Dirt Bike Maintenance
Whether you are new to the wild and wonderful world of motocross or you’re no stranger to the sport, there is no denying the adventurous spirit that lurks in all of us. Even with all the fun and excitement that comes with dirt biking, there is some responsibility on your part. Routine maintenance plays an important role in responsible dirt bike ownership but knowing where to start and what to look for can be tricky without the proper tools or experience. Luckily, KTM Parts Nation offers the experience in dirt bike maintenance and troubleshooting needed to point you in the right direction. In this handy guide, we will address some of the tasks that you should include in your maintenance routine.
Dirt Bike Maintenance 101
Riding a dirt bike is hard work, both on and off the track. Even if you follow all the recommended maintenance intervals, keep immaculate records, and clean your bike regularly, no machine is safe from time. You may not be able to restore your bike back to its showroom shine, but you can certainly take the necessary steps to keep your bike clean and in great running condition. Here are some of our top maintenance tips for beginners and seasoned pros alike!
- Wash your dirt bike after every ride. A sparkly dirt bike might seem unthinkable but cleaning your favorite machine will make maintenance inspections much easier in the long run. Make sure that the bike is completely dry before you inspect if for maintenance issues. Learn more by reading our guide: How to Clean Your Dirt Bike.
- Check for drips and leaks. Think of the oil in your dirt bike as the blood that pumps through its heart – the engine. Every bike relies on oil to lubricate and cool all those precious internal components, making it crucial that you check the engine oil level before every ride. You also need to regularly change the engine oil. Over time, all those miles on the trail produce heat and pressure that can break down oil and leave your engine vulnerable. Use only motorcycle-specific oil or follow the manufacturer’s recommendations. You should also replace your brake fluid, check your coolant level, and change your cooling system periodically. Inspect your wheel bearings, shock seals, forks, and steering head bearings. Apply a PTFE- and petroleum-based grease wherever necessary.
- Inspect and clean your bike chain. Checking the chain tension is easily one of the most overlooked maintenance items on any dirt bike, but it is too important to miss. A drive chain’s purpose is to transfer rotational energy from the engine to the rear wheel, so it can’t be too loose or too tight. Refer to your owner’s manual for the recommended drive train slack. Be sure to regularly clean the chain with a degreaser and rub using a wire brush. Apply chain lubricant and replace the chain when too much slack remains at the farthest safe point of your wheel’s adjustment.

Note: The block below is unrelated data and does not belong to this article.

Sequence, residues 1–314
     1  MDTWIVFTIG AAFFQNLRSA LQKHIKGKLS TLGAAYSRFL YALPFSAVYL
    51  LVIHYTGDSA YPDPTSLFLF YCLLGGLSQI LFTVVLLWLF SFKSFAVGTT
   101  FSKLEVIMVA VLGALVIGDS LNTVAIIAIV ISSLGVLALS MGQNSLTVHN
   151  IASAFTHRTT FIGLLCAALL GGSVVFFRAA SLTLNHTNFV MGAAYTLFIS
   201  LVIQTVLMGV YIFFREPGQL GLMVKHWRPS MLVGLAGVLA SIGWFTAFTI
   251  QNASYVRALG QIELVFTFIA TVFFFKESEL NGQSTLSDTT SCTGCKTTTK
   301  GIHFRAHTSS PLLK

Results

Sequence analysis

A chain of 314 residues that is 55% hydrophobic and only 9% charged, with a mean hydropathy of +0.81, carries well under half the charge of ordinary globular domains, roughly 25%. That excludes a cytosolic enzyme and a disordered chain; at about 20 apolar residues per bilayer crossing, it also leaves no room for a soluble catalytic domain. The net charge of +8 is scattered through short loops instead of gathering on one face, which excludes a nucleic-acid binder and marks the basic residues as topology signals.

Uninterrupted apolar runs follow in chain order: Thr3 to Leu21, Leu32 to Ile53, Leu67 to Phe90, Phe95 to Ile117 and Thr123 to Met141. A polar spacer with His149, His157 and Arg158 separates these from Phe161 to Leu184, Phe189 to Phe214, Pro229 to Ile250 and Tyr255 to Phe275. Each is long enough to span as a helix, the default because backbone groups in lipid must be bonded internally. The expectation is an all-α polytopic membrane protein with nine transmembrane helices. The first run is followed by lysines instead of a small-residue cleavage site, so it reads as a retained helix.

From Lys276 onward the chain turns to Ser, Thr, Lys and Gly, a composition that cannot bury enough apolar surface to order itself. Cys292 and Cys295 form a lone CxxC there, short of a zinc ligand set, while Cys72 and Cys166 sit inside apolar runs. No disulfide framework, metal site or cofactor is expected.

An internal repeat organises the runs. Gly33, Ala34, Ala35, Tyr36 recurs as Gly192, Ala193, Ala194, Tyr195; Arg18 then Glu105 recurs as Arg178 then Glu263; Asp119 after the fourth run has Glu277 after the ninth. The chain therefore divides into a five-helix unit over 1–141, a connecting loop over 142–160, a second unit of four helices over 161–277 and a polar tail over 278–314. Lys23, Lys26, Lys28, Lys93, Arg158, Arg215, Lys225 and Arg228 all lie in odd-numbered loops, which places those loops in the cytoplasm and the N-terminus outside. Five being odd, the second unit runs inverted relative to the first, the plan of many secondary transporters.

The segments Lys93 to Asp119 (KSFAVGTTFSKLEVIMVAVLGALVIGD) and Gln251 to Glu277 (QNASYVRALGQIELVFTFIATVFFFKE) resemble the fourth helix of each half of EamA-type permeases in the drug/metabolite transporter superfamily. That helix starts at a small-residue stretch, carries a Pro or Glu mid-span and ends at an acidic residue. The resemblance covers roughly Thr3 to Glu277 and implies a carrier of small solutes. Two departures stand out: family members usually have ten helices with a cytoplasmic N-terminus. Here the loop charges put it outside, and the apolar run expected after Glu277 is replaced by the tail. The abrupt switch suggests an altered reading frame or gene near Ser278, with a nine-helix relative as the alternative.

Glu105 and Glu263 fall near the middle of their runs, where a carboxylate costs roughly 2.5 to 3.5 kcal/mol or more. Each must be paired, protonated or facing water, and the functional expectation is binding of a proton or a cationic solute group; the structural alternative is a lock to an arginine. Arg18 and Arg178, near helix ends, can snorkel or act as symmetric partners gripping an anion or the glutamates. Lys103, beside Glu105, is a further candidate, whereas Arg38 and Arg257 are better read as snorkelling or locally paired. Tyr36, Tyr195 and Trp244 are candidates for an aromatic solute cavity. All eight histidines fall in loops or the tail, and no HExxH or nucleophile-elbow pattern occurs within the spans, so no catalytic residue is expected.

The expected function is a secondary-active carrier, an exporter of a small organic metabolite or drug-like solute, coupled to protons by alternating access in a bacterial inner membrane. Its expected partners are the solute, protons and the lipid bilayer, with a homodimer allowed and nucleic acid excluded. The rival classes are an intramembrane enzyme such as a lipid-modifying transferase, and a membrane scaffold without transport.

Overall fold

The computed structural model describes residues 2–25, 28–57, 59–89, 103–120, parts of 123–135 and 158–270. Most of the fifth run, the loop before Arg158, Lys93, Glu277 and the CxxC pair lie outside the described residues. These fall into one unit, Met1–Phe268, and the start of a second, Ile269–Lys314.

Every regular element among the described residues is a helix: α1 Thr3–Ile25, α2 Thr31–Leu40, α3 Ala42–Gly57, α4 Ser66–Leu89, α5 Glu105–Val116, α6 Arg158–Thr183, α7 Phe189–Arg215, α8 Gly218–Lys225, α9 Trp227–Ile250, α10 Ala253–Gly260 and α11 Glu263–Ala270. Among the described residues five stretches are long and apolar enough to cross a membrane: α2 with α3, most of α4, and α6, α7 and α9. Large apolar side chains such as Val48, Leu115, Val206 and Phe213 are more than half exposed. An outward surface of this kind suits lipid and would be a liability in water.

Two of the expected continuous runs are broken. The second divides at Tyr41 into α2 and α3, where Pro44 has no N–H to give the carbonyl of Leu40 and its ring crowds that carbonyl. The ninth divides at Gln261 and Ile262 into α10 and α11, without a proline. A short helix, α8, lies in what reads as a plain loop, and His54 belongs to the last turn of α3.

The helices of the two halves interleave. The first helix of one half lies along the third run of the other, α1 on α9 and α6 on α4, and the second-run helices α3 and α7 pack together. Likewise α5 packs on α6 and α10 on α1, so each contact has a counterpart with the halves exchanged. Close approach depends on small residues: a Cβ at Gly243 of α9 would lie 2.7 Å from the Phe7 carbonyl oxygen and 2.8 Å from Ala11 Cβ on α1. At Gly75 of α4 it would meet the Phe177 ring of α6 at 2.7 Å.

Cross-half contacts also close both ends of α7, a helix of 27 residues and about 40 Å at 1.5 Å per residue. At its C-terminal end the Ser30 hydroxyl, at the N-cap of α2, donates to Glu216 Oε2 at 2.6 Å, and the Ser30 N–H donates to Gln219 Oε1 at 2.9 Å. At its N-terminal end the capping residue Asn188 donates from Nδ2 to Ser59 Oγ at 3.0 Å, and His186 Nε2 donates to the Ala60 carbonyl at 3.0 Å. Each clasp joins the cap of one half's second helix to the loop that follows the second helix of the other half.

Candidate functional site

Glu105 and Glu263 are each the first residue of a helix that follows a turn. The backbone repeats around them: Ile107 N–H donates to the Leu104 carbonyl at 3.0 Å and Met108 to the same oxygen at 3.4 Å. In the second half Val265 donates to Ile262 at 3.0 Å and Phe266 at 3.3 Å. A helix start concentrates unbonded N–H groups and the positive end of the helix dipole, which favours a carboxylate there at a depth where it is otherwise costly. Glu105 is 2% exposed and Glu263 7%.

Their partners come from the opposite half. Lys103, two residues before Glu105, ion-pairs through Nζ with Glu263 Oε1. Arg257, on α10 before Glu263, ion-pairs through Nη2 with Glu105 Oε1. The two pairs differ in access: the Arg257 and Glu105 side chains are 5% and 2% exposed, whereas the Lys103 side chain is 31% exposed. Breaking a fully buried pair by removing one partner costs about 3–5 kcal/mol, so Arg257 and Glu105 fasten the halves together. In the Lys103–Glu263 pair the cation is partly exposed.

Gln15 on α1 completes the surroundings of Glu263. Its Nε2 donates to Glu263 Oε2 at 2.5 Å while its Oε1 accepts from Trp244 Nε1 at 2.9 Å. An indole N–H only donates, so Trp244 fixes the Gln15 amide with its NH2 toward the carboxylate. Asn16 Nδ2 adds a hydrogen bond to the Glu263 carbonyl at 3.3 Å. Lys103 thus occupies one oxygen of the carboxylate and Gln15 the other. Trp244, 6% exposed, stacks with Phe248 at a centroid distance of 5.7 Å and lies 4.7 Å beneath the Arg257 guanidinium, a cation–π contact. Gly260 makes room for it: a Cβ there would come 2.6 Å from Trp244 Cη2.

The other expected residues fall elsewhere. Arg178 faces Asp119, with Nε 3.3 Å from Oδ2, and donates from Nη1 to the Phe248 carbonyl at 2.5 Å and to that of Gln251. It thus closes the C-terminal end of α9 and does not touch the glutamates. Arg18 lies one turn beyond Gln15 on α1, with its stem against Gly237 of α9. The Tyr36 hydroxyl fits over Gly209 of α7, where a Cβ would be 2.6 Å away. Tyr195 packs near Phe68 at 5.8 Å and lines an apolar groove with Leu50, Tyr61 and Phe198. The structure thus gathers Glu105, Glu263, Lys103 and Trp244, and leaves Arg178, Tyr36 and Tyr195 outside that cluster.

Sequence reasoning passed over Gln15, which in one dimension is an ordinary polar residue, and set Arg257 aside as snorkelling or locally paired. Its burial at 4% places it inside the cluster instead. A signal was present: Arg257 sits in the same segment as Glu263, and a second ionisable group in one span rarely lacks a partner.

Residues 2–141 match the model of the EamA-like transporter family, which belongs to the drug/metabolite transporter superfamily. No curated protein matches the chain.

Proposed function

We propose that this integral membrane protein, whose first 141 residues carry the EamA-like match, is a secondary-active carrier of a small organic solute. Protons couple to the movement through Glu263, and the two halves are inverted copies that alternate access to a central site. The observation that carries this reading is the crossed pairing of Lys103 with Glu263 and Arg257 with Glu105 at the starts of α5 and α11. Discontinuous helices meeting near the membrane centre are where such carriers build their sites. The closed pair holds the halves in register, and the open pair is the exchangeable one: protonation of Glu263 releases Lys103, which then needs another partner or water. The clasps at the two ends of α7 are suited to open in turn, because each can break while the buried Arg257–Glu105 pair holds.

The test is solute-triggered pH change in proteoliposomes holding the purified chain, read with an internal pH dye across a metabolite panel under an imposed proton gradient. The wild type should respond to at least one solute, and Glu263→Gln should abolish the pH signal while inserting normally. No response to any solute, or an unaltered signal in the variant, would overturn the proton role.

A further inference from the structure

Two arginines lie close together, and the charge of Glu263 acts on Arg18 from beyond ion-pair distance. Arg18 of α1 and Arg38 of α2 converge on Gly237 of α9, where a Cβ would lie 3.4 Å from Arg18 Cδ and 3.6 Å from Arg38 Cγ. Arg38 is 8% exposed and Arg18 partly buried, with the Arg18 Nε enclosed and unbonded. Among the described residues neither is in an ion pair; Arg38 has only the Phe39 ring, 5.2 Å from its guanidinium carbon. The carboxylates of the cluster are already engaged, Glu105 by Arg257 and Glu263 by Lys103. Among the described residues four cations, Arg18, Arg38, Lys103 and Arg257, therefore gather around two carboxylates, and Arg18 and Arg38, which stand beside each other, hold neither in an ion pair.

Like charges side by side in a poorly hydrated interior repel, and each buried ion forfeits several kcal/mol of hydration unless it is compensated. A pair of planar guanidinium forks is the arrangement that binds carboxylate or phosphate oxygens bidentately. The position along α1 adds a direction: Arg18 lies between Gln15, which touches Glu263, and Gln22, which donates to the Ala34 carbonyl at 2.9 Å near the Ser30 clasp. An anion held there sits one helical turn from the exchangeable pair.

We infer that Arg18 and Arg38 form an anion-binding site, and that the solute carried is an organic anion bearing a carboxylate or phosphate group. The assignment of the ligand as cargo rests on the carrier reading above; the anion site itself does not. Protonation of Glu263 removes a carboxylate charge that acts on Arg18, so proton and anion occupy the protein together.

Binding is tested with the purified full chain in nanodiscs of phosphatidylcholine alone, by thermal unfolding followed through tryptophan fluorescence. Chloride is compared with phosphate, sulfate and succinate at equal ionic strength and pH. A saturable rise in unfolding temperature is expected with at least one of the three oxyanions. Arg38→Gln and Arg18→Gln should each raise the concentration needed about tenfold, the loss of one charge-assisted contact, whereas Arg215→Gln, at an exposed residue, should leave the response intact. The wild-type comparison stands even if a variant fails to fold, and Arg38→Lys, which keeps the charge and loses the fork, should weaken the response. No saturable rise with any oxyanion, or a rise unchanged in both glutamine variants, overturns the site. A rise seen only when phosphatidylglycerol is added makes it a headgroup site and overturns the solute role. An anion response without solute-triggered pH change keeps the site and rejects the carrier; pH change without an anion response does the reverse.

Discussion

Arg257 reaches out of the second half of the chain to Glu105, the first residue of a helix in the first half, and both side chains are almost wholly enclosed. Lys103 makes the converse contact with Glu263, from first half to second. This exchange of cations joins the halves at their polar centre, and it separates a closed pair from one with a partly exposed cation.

- Check out your controls and cables. Cables are essentially the lifeline to most of the controls on your dirt bike. After every ride, your clutch cables, throttle cables, and front brake line all need to be cleaned and routinely lubricated. If your bike’s clutch and throttle cables are frayed or kinked, they will need to be replaced. First, test the throttle control to check for the proper amount of free play and responsive operation. To clean your clutch cables, carefully disconnect them from the perch and lever to remove any build-up around the connections. Add some lubricant, reconnect, and tighten the connections. The lubricant you choose will act as a barrier for dust and debris.
- Check and clean your air filter. Don't let a dirty air filter suck the life out of your engine. Thoroughly clean the filter using a suitable cleaner or a mixture of water and gentle detergent. Once the filter is completely dry, be sure to coat it with a high-quality air filter oil. You want the filter to feel tacky before you take your bike for another spin.
- Check the tire pressure. Between each ride, you should use a tire pressure gauge to check and set the best tire pressure based on the conditions of the terrain. In muddy conditions, we recommend 8 psi for front tires and 6 psi for rear tires. In dry conditions, we recommend 14 psi for front tires and 12 psi for rear tires. Otherwise, you can safely set your psi to 12 for both the front and rear tires.
Though we can all agree that riding is much more fun than being stuck in a garage, fixing a broken-down machine, dirt bike maintenance is a fact of dirt bike ownership. Hopefully, these tips give you a good idea of all that goes into maintaining a dirt bike. By keeping these recommendations and best practices in mind, you will not only improve performance but also protect your dirt bike from costly damages or repairs. We offer a wide selection of hard-to-find parts and replacements for all types of KTM dirt bikes. Please let us know if you have any questions about this guide or would like to learn more about our selection today.